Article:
Wednesday, 21 November 2018

The Risk of an Invisible Future

I love technology.

I'm not a specific fan of "gadgets", but I absolutely adore technology. For my fourth birthday, I wanted a typewriter. When I was five, we received our first home computer (Christmas '84). I was fascinated by it. My Dad would buy the old computer magazines and type the code in to make a game or a program. Within a year I was experimenting with simple programs myself.

I look around the world today, and I am excited by the technology around me. I laugh, too, because I am sure that it will not be too many years before people will laugh at how primitive it was.

I think about recording videos to show my (hopefully future) children what technology is like today. They'll marvel at how ridiculous and simplistic it is.

I said that I'm not a specific fan of gadgets, and sometimes it may take me a while to decide to adapt to a new technology depending on the benefits I see. Just because something is new and exciting doesn't mean it's worth pursuing.

It was a while before I could bring myself to care about Facebook, and it was a while before I could bring myself to care about Twitter. And even then, it was a few years before I really started actually using Twitter.

But now I do. And the people I follow, the people I interact with regularly, they are my "Twitter friends". I've been to a number of tweet ups. I love so many of the people I see on there. It makes me laugh, it makes me cry, it makes me think, it helps me to explore my own thoughts. Twitter helps me to grow as a person.

Plus it's a great way to waste some time when you're sitting on the loo, so, everybody wins.

But I have recently found myself silenced on Twitter. Invisible to my friends. Unable to send congratulations, condolences, or commiserations.

It upsets me. To see a friend say something funny that you can't join in the joke with, or to see someone share something painful and know you can't offer any support. Twitter is at its best when you see love and joy and support, and to be apart from those things is sad.

I do not know why or how I have become silenced on Twitter. I do not believe I have done anything wrong, and I do not know whether it is intentional. All I know is that my friends there can no longer see me.

We live in an age where technology surrounds us and is fast becoming a part of every day life. I shun cash for contactless. I'm happy to order from my phone at a certain well-known chain of pubs if I believe it will be faster than ordering at the bar.

We also live in an age where spam has advanced. We still get the odd Nigerian banker in our emails, but as the Internet and technology has advanced, so too has the spam we endure. I've received messages on Instagram, on the PlayStation, and on Twitter from ladies begging me to look at their dating profile on [whatever website they're trying to sell]. And we've all (probably) heard by now of attempts to manipulate voters during the American presidential elections and Brexit by bombarding us with fake news, fake accounts, and fake people, designed to try to influence us, or to waste our time arguing with a computer.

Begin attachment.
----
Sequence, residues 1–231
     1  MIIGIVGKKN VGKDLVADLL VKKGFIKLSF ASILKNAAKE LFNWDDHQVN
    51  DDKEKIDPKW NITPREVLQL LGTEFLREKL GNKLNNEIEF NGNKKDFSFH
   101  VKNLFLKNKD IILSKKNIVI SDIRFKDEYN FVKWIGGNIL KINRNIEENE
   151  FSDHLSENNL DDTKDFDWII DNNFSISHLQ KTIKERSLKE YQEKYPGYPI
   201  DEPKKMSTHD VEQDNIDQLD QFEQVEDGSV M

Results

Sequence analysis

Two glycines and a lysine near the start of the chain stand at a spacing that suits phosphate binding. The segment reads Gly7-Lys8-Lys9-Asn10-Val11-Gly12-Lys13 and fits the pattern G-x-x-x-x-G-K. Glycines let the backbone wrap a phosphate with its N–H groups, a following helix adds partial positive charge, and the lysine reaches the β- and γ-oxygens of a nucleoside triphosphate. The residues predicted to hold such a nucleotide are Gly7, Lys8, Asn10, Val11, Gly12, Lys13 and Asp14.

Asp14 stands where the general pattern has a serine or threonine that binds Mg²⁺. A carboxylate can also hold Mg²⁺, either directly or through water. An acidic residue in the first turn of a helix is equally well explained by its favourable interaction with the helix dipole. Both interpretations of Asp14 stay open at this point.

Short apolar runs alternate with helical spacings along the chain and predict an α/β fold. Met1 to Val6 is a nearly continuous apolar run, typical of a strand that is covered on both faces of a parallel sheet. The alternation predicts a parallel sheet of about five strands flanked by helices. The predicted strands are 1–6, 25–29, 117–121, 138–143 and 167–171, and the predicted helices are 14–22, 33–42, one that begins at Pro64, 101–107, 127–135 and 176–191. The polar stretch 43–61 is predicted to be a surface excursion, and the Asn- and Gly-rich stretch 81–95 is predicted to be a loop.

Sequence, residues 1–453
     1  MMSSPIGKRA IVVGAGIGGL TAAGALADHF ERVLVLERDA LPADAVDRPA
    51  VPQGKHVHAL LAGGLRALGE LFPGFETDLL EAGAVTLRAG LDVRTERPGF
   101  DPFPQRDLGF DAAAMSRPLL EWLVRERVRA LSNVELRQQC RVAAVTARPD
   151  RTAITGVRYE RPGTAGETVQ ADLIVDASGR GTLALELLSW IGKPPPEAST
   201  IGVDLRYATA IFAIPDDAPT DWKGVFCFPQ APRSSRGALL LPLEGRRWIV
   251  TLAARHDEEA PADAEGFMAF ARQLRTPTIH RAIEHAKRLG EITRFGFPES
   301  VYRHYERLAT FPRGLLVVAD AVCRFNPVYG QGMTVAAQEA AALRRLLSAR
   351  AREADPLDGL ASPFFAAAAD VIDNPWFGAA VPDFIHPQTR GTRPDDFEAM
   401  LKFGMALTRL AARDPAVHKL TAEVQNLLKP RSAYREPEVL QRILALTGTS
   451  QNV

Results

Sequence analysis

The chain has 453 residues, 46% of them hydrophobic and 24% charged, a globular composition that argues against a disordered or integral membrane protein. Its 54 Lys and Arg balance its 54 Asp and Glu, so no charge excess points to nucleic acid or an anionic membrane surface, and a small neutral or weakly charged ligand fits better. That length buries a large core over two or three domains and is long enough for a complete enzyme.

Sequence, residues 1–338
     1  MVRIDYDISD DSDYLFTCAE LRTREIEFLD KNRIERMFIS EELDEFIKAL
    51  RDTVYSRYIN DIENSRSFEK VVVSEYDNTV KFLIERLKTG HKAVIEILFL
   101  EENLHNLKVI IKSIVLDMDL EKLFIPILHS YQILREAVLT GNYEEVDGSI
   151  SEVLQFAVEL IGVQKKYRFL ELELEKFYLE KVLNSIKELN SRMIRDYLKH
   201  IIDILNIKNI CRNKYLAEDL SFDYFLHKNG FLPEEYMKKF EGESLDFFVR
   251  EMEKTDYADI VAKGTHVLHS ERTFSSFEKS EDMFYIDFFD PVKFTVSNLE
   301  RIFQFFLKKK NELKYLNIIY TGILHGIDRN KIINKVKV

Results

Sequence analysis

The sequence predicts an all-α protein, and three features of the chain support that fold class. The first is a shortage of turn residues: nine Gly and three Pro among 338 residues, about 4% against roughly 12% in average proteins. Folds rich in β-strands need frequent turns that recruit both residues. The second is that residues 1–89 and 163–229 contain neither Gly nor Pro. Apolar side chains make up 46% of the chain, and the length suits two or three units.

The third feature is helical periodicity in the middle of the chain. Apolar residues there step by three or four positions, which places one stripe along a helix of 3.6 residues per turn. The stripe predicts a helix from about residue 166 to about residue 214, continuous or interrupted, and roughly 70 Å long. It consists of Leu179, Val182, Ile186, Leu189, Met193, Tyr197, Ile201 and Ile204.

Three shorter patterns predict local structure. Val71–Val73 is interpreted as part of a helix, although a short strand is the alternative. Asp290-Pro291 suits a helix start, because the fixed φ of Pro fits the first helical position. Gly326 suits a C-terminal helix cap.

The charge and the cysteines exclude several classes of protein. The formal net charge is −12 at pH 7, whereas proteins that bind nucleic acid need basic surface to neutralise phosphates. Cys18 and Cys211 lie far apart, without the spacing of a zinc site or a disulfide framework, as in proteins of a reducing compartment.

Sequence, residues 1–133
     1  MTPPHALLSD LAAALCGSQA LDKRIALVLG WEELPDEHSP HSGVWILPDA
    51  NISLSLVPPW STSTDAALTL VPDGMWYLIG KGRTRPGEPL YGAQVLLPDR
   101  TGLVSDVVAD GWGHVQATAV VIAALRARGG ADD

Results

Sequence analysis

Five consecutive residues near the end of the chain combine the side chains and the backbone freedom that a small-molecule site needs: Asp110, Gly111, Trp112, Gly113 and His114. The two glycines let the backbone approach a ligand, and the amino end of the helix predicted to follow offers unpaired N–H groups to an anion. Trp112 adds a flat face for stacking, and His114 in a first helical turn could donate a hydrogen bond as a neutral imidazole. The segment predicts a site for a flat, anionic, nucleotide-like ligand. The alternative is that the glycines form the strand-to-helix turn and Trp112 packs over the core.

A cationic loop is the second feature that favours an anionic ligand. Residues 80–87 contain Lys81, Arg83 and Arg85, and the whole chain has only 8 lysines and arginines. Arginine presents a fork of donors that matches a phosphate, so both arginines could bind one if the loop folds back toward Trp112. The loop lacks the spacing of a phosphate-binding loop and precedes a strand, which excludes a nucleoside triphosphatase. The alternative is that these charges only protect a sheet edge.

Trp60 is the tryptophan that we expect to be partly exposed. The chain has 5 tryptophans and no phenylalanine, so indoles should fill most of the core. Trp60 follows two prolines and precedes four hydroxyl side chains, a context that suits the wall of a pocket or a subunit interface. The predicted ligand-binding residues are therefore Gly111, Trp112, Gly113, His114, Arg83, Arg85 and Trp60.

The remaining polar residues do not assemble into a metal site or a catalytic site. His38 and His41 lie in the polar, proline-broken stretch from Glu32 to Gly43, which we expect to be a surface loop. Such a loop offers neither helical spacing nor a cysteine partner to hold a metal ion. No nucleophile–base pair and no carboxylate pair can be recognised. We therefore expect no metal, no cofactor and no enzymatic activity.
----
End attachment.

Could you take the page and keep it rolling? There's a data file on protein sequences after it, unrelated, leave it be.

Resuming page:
I have thought nothing of companies such as Twitter and Facebook trying to fight this behaviour. Weed out these bots and make our lives that little bit easier. If this is the situation today, what will it be like in twenty years time? When Facebook and Twitter and Google and Microsoft all work together to try to combat spam, and bots, and fake accounts?

Computers analysing all of our content, trying to decide what is a real person and what is not. Trying to work out when to close an account down, and when to silently ignore it.

And what happens when those computers make a mistake? What happens when, instead of silencing another computed program, they silence a real person?

If Twitter detects a likely bot and tells Facebook and Google and Microsoft, what happens then? If you send emails and they silently disappear? You try to speak your friends and are discreetly silenced? You contact support departments for those companies but are automatically weeded out as spam?

I have experienced but a few days of not being able to interact with my Twitter friends as I normally would. But when I consider the same problem happening to someone in another twenty years time, when technology will be even more pervasive, when it is so much more essential to our every day routines... For the first time, I am not excited for the future of technology, I am worried for it. Not due to some AI like Terminator or the Matrix, but due to a simple cockup, quietly silencing a real person, isolating them, restricting their communication with their friends.

I hope we find a better future than that.

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